This podcast captures the views of some financial services industry commentators on the merits and drawbacks of ESAS (Employee Salary Advance Schemes).
Guests on this podcast are:
- Matt Bland, CEO Co-op Credit Union, UK
- Emily Trant, head of Impact & Inclusion, Wagestream
- Lindsay Melvin, CEO Flexiwage
- Erik Porter, Wellbeing expert
How a Employee Salary Advance Scheme works:
Specialist scheme operators, which are usually unregulated businesses, often provide the product as part of a 'wellbeing package' to help employees with financial management. Some offer employees an app based platform which sits between the employer’s payroll operations and the employee’s bank account. The employee can then a draw down usually up to half of their accrued or earned wages before their next pay day. The scheme operators usually charge the employee a fee for each drawdown. The employer will then pay the balance of the salary (i.e. net of the advanced payments and the fees for the service) on the next payday. Employees can make multiple drawdowns during each pay cycle and can repeat this again in subsequent periods.
For many employees who do not have major debt problems, an ESAS (Employee Salary Advance Scheme) may be helpful where for a variety of reasons they need to quickly access some of their salary early.
However, for employees with limited options, there are potential risks. Set out below are ways in which employers and scheme operators could mitigate some of these risks.
- Scheme operators could highlight, on the employee section of their websites or where they provide an app, that where the employee has underlying financial problems that a salary advance may not in itself be sufficient to resolve such issues and suggest that they seek financial help from a debt advice charity.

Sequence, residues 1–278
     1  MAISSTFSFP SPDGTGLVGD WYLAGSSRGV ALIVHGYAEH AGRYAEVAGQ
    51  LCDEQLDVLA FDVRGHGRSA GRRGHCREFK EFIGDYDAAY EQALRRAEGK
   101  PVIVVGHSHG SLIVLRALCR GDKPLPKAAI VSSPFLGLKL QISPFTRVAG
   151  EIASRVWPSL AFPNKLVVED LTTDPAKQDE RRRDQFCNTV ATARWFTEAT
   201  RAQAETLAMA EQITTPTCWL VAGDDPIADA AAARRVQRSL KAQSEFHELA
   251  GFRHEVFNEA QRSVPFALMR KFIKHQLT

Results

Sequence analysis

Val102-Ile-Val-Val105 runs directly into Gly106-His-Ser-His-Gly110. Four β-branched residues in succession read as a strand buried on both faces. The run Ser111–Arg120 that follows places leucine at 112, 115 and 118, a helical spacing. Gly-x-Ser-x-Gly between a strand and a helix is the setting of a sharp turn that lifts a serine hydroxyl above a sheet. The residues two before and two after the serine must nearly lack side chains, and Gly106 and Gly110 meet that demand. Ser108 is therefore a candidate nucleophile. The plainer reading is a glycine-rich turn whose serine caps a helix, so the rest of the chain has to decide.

- Employers, when introducing their staff to such schemes, could similarly highlight the limitations of a salary advance and suggest that if the employee needs debt help or access to more holistic financial advice, they could signpost them to the Money Advice Service website. They could also provide contact details of debt charities, such as Citizens Advice and Stepchange.
- Bringing the above to the attention of employees may be particularly important where the employer and scheme operator become aware that individual employees are drawing down salary under the scheme on a frequent basis.
- Employees could be provided with periodic notifications where there is an accumulation of transaction charges.
- Similarly, scheme providers could develop systems that monitors the pattern of usage of individual employees. Where there is a pattern of repeat use which may be a sign of financial difficulties, then this could trigger alerts that might provide guidance and signpost the employee to organisations that provide free debt advice.
The FSA says: The risks for employees and employers are:
While the product has benefits, it is important that employees and employers are aware that there may be some risks in using these schemes.
- Lack of credit regulation. The regulatory and statutory rights and protections, from which borrowers under consumer credit agreements benefit, do not apply, as ESAS usually operate outside of credit regulation. For example, ESAS providers have no obligation to check affordability. Therefore, employees will need to satisfy themselves that they will have enough money on payday to pay other expenses they may incur at that time (for example their mortgage or rent payments), when they receive the balance of their salary. The high-cost short-term credit (HCSTC) pri
Talking Credit Unions with Chris Smith is a regular podcast dedicated to informing credit union practitioners, leaders and opinion formers on variety of industry topics. To contact Chris Smith, email@example.com